It should be apparent
that in the general case a pipeline of depth **d**
can process **n**
items in **n + d** steps when there are no bubbles. Without a
pipeline,
each application of the basic function would require **d** cycles,
and they would have to be executed sequentially, for a total time
of cycles. The speedup obtained by a full pipeline is thus

When
we can safely ignore the **d** in the denominator, so the asymptotic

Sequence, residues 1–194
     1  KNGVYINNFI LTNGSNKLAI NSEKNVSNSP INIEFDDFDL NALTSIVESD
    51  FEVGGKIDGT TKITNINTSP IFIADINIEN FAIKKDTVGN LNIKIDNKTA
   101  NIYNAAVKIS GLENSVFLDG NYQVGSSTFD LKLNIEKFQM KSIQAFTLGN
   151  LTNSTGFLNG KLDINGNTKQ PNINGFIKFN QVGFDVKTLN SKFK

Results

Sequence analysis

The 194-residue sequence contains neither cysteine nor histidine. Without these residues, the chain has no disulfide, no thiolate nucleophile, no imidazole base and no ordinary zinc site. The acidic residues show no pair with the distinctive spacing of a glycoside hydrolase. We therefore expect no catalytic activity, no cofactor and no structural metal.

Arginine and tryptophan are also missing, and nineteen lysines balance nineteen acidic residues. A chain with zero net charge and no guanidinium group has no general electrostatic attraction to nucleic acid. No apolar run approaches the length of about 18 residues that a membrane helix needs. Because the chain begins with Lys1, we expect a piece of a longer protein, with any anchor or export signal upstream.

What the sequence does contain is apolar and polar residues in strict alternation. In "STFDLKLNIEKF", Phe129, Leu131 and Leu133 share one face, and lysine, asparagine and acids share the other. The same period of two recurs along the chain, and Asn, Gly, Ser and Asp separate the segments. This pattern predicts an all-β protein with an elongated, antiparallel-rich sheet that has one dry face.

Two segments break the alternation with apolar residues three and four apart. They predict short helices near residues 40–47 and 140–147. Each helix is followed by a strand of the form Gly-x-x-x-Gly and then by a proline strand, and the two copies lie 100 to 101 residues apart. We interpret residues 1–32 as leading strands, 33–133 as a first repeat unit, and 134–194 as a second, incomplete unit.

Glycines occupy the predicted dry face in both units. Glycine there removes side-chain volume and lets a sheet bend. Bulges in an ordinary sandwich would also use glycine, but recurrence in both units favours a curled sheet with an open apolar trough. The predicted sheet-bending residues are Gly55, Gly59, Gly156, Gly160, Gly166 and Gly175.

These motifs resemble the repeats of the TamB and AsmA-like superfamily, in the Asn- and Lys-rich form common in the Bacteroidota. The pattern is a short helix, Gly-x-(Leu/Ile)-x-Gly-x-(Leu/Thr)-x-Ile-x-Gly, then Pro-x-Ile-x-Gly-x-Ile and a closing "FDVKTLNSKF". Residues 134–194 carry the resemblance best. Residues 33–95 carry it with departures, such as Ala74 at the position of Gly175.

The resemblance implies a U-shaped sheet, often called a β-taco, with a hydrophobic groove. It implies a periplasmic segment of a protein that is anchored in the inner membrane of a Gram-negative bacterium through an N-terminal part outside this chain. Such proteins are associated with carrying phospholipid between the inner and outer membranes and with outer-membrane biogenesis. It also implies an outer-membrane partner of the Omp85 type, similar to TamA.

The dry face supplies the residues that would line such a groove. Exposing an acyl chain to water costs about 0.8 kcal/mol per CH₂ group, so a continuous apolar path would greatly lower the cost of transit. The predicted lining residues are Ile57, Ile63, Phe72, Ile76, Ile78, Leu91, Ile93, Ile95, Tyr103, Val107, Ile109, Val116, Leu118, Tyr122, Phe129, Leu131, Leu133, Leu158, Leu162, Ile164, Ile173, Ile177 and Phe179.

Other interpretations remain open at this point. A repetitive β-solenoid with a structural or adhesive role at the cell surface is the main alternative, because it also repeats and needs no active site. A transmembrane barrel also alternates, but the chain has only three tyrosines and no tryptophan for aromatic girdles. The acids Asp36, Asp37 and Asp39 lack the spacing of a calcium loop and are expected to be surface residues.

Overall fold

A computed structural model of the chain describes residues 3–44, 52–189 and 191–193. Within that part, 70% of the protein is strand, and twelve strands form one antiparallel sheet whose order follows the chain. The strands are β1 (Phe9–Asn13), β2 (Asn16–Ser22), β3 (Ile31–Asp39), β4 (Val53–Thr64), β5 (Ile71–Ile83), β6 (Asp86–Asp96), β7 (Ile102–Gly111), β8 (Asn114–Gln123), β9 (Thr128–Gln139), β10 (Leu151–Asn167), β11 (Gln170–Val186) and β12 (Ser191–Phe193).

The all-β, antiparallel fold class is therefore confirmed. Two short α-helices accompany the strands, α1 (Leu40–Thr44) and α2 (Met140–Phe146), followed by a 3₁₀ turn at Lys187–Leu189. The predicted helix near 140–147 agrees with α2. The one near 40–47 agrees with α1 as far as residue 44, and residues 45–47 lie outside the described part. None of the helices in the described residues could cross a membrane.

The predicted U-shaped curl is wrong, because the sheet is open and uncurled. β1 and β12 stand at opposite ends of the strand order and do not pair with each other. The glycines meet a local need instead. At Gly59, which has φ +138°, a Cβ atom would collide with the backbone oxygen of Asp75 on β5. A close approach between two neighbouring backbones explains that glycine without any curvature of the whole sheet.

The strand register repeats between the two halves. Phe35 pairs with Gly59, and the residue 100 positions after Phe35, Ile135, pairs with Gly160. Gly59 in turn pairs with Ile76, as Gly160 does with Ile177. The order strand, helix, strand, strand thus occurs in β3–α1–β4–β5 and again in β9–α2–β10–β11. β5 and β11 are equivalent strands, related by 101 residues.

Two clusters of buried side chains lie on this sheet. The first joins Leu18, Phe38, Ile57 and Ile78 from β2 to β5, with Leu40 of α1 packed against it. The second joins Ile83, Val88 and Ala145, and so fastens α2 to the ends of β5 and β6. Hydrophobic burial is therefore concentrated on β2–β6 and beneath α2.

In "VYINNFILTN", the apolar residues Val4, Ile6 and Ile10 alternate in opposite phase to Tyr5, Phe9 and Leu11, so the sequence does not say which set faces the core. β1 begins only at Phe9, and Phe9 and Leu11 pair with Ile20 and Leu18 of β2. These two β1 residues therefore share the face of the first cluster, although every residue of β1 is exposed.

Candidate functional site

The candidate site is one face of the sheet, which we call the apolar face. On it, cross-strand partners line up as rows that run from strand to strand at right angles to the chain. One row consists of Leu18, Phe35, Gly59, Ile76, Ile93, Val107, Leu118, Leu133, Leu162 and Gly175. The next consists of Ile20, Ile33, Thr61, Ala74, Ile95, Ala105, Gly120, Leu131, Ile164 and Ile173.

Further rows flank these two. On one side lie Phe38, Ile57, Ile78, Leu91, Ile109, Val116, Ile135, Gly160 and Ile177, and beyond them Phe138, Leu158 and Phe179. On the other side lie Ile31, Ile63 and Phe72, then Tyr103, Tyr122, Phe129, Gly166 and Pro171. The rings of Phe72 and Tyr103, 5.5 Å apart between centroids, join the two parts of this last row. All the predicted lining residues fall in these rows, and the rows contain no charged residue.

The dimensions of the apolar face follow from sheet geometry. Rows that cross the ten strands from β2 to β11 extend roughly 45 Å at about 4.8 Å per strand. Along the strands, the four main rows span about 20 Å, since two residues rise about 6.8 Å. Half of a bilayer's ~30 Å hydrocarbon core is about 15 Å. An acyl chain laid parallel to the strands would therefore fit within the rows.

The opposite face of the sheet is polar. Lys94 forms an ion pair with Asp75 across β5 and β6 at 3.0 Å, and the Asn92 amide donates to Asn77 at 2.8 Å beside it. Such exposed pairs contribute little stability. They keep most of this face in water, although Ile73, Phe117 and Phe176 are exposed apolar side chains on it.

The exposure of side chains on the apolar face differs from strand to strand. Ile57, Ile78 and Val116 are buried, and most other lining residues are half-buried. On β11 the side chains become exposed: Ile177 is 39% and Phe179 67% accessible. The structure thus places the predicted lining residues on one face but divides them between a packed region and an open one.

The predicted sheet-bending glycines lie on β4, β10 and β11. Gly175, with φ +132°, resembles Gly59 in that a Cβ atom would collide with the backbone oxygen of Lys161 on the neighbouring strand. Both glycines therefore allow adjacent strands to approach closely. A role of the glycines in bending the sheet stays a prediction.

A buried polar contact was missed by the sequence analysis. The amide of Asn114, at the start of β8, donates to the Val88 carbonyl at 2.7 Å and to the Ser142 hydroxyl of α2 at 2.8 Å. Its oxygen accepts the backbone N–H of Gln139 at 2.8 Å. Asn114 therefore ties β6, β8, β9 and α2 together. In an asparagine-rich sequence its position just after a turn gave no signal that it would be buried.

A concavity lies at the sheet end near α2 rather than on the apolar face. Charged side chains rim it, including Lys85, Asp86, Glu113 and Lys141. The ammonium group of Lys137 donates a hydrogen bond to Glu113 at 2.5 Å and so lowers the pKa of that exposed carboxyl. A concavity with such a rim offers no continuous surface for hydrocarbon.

speedup, observed for large **n**, is a factor of **d**.
For example,
suppose we want to add 1000 pairs of numbers, e.g. when adding
two 1000-element vectors. If it takes 5 cycles for each addition,
a machine without a pipelined adder would require 5000 cycles.
With our 5-stage pipelined adder, the last sum will appear after
cycles, so the pipeline is times faster.
Providing a steady
stream of independent operands that will keep a pipeline full is
the distinguishing feature of a vector processor, which can
initiate such a series of operations with a single instruction.